Music for Vibraphone, Marimba & Piano by ARMAND QUALLIOTINE – var. performers – Albany Records

by | Apr 1, 2011 | Classical CD Reviews | 0 comments

Music for Vibraphone, Marimba & Piano = ARMAND QUALLIOTINE: Condemned to the Valley of Stones; Eight Sound Plates ; D-Flat Hypnosis; Green Fairy Visions; The piano kissed by tender hands; CapricE and Variations; Quasi Gellemi; Four Lullabies; Lullaby in the G String – Sarah Bob, John McDonald, Shoko Yamamiya, Pei-chun Lin & Armand Qualliotine – piano/ James Russell Smith, Aaron Trant – vibraphone/Hsin-yi Chen – marimba – Albany Records TROY 1229, 75:49 (Distr. by Albany) ***1/2:

I knew nothing about Armand Qualliotine until hearing this recording of some of his many works exploring the various timbres in keyboards and keyboard percussion; in this case, piano, vibraphone and marimba. Qualliotine is a very accomplished performer and composer from New York. As the booklet notes to this disc show, he has been teaching guitar, music theory and composition in a number of impressive colleges all over the east coast and, presently, as a member of the composition faculty at Berklee College in Boston. His resume is, indeed, impressive and his music is clearly well structured and also easy to listen to.

All of the music on this disc has a vaguely impressionistic feel to it and does not tax the listener. Qualliotine’s vocabulary is tonal but full of very complex, complicated chords and progressions, hovering somewhere in a soundscape that is influenced by jazz, by serialism and maybe a bit of Boulez. While certainly not traditionally diatonic, it is not atonal, not harsh and overall rather fascinating. The combinations of piano, vibraphone, marimba and any combination thereof do provide some nice variety and interesting sonic possibilities while still having some core acoustical elements in common. I also find just the titles of the works and the composer’s notes on their creation equally fascinating. For example, we learn that the very attention-getting solo piano work, “Condemned to the Valley of the Stones” is based on a grisly tale of infidelity and execution found in a film version of the “Kama Sutra”. “D flat hypnosis” is structured to intentionally pay homage to the pianoforte works of Mozart, Haydn and Beethoven. Most intriguingly, Qualliotine acknowledges that his vibraphone work, “Green Fairy Visions” was composed as a reflection on his experiences in Europe while consuming large quantities of brandy and absinthe!  In truth, all of the composer’s notes, in Qualliotine’s own words, are quite interesting and do provide insight into the sounds themselves.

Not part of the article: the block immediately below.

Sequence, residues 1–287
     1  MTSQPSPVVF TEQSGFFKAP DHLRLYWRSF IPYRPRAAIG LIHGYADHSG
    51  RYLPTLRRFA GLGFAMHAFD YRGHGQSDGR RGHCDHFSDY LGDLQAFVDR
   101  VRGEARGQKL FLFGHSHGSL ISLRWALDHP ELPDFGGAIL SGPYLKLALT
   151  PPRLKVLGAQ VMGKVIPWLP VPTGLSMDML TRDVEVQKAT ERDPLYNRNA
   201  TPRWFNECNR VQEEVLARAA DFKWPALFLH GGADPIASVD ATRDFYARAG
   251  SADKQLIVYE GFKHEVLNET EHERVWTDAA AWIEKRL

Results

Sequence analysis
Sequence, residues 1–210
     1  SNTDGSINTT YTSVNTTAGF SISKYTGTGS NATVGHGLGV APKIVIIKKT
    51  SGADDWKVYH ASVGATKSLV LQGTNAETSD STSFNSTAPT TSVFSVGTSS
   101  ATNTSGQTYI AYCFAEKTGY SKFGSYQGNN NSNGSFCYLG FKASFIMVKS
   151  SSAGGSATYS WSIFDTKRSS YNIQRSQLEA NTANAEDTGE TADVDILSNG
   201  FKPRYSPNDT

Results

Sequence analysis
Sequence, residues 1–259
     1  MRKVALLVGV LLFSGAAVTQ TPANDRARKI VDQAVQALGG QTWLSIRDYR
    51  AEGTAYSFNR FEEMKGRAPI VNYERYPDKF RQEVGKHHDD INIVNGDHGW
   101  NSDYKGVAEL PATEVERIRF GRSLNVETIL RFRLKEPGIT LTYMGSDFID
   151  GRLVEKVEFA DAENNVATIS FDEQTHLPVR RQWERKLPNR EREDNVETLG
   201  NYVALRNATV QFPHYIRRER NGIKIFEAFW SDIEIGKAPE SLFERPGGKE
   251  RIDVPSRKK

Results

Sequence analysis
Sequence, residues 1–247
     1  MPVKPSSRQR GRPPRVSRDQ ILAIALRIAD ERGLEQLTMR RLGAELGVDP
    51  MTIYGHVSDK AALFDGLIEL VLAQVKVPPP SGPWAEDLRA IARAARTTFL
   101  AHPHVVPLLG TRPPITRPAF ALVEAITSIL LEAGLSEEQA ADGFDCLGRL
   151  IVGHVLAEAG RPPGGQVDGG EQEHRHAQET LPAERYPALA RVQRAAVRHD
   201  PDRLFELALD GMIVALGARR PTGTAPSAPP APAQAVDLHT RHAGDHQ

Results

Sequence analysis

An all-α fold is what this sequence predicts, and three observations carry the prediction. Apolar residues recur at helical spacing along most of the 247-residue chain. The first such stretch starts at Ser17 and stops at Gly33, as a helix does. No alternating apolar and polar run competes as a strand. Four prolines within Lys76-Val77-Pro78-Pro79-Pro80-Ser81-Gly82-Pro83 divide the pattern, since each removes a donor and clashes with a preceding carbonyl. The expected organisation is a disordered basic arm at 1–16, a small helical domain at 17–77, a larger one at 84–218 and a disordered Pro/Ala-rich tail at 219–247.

I personally enjoyed the vibraphone works the most, mostly because this is such an unusual timbre to compose for as the primary or exclusive sound. The “Green Fairy Visions” and “Quasi Gellemi” (‘like twins’) are my two favorite works in this collection and I was also pretty impressed with the “Eight Sound Plates” for vibraphone. All of the performances seem first rate and Albany does its usual fine job with sound engineering and packaging. I enjoyed the disc mostly as a curiosity and – again – one that is pretty easy to listen to. The music as a whole does have a surreal dreamy quality to it which I found attractive.

I also think it works best a little at a time. As simply a listening experience, the hour plus of Qualliotine’s music gets a little static after awhile. Programmed live, for example, one or two of his works with other modern works for piano and various keyboard percussion would be an interesting venue. I do recommend this for anyone interested in the unusual but with the awareness that there is a similarity of pacing and feel to these works throughout that may or may not appeal to a wide audience.

— Daniel Coombs

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